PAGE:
Looking at Microfinance Through Rose-Coloured Glasses
By Taylor Akin, KF9, Togo
There is a lot of hype surrounding microfinance. For some, microfinance is an effective tool used to promote large-scale poverty alleviation. For others, it is simply considered a way for moderately poor individuals to better their own situations. If you’re reading this blog, you likely fit somewhere on this spectrum of belief that microfinance does at least some good. While the degree to which microfinance impacts the lives of the poor is often debated, the hype remains fairly constant. But can microfinance really live up to the publicity that precedes it?
I must admit that I too was a victim of this hype. I naively thought that my work as a Kiva Fellow would include listening to many heart-wrenching, life-changing stories of success and failure as a result of, or despite the efforts of microfinance. My friends at home often joked that I was off to “save the world.”
Granted, we were well warned during our training at Kiva Headquarters that this would not be the case. On the first day of training, we were instructed to write down the following words, “Four weeks in, microfinance sucks.” We were told that, four weeks into our placement, we would likely find ourselves disappointed with the overall institution of microfinance. The hope is that, by the end of our placement, we will have formed a well-rounded opinion of microfinance – good or bad. We were also warned that the frequency of hearing earth shattering stories would be limited. If we were lucky, we might hear one over the course of our entire placement.
Despite the warnings, I put on my rose-coloured glasses and set out for the field. Now, as the 7th week of my placement with WAGES comes to an end, I have over 50 interviews with entrepreneurs under my belt. With each interview, I felt a little more crestfallen when I was met with the standard responses to my questions: “I used the loan to buy stock,” “I used the profits to reinvest in my business,” “The main challenge I face is a lack of demand,” “This loan has had a positive impact,” and finally “I want to expand my business.” This interview was often followed by me desperately trying to catch a photo with the entrepreneur smiling, despite their persistent solemn glare into the camera lens.
Yet, all this disappointment made me realize something. Maybe the hype surrounding microfinance is justified after all. Perhaps, we just need to dig a little deeper.
How has this loan affected your life?
Overwhelmingly, the entrepreneurs I have interviewed reported that their loan had a positive impact on both their personal and professional lives. That is certainly something to be proud of. Even if most entrepreneurs choose not to elaborate on the details, we can certainly appreciate the immensity of this simple statement. In fact, only one interviewed borrower out of 50 reported that her life was worse off since taking out her loan (click here to find out why). In this case, the percentage says it all.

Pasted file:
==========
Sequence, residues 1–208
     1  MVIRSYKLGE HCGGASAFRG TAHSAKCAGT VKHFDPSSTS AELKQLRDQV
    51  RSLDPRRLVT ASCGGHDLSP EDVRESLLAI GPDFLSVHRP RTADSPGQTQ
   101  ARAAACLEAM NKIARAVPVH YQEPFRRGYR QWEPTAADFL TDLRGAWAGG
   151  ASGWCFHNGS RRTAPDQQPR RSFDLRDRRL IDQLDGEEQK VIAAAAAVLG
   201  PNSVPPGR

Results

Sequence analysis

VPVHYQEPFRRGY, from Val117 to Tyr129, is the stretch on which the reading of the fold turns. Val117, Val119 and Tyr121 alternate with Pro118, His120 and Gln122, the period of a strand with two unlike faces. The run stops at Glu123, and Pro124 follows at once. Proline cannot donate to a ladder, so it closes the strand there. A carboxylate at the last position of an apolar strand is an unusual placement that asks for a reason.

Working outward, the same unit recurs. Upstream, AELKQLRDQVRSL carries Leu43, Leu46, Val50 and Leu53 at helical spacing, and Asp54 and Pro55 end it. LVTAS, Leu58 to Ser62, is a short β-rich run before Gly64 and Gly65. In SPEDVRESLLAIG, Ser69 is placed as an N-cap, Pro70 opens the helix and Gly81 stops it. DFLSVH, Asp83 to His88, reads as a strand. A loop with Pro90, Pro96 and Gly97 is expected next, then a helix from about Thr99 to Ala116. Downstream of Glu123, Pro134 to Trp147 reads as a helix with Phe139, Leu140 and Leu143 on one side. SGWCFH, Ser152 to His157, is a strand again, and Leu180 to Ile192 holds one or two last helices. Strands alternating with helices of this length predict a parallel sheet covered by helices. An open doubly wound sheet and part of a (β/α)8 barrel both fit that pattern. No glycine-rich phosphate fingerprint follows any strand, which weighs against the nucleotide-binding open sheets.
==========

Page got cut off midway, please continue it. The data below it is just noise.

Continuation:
What are the challenges you’ve faced in your work?
As Kiva Fellows, we look to this portion of the interview to give our journals some meat. Yet, many WAGES entrepreneurs have few obstacles to report in their work. Quite often, an occasional lack of demand is the main challenge they face. In reality, it is a relief that they don’t encounter more impossible obstacles in their work. Specifically, a lack of demand can only be a problem when faced with an abundant supply. While some WAGES clients may deal with periods of low demand, their microloan has enabled them to adequately supply their customers when demand is high.
What are your plans for the future?
The majority of entrepreneurs hope to expand their business in the future. While this common response can be predictable, it is also really quite moving. Often singlehandedly, these individuals have created businesses, however big or small. On a daily basis they interact with customers, replenish their stock, and use the profits to support themselves. In some cases, it may have taken several loan cycles for these entrepreneurs to get to where they are now. Yet, this shared vision of expanding their business is the driving force that fuels them. They all dream of serving and satisfying more customers. These ambitions should not be erased simply by virtue of hearing the words “I want to expand my business” several times a day.
No, these stories do not recount experiences of emerging from destitute poverty to become a successful entrepreneur. In many cases, these entrepreneurs were already prospering, and this prosperity did not occur over night. The differences between pre- and post- loan may not be earth shattering, but microfinance helped them to become even more successful over an extended period of time.
Is it possible my conceptualization of microfinance hype was informed by the poverty porn we are so often subjected to? Guilty as charged. I was looking for stories of transformation, emergence from the ashes, and overcoming impossible odds. Perhaps, I was just looking in all the wrong places. Why is it that tragedy and sadness are prerequisites to measuring success? The importance is in recognizing the positives objectively and not trying to evaluate them based on the negatives that precede them. As Kiva lenders, we want to know that our loan has had an impact. In most cases, these loans have positively affected the entrepreneurs we support, but the effects may not be as tangible as we’d like. But, if we forget what we’re looking for and instead just see what is really there, we will find that microfinance truly does have an amazing story to tell. Sometimes, we’re better off without the rose-coloured glasses.
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